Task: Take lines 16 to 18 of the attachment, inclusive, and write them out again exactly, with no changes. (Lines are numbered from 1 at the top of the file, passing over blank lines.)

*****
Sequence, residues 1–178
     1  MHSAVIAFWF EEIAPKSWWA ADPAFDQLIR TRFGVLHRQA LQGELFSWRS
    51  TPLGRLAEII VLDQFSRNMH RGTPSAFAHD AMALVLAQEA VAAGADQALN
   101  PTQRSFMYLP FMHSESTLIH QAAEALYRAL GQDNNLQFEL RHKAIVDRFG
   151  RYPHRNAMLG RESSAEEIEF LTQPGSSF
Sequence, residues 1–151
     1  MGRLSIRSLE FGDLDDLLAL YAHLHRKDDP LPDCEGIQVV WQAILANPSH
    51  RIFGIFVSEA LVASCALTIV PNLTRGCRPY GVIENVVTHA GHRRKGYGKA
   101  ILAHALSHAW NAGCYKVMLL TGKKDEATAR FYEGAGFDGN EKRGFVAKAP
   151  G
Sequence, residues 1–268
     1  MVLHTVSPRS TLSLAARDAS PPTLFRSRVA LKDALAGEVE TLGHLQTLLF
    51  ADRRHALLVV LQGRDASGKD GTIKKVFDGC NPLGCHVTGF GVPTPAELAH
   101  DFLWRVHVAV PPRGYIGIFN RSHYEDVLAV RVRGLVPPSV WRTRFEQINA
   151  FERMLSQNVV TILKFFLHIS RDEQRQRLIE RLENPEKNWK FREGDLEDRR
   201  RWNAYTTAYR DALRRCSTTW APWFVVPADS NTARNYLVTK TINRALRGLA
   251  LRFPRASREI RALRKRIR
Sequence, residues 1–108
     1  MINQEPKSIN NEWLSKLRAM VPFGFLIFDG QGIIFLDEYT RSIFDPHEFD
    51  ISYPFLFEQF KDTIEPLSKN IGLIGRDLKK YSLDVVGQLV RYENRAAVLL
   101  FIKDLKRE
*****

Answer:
   201  RWNAYTTAYR DALRRCSTTW APWFVVPADS NTARNYLVTK TINRALRGLA
   251  LRFPRASREI RALRKRIR
Sequence, residues 1–108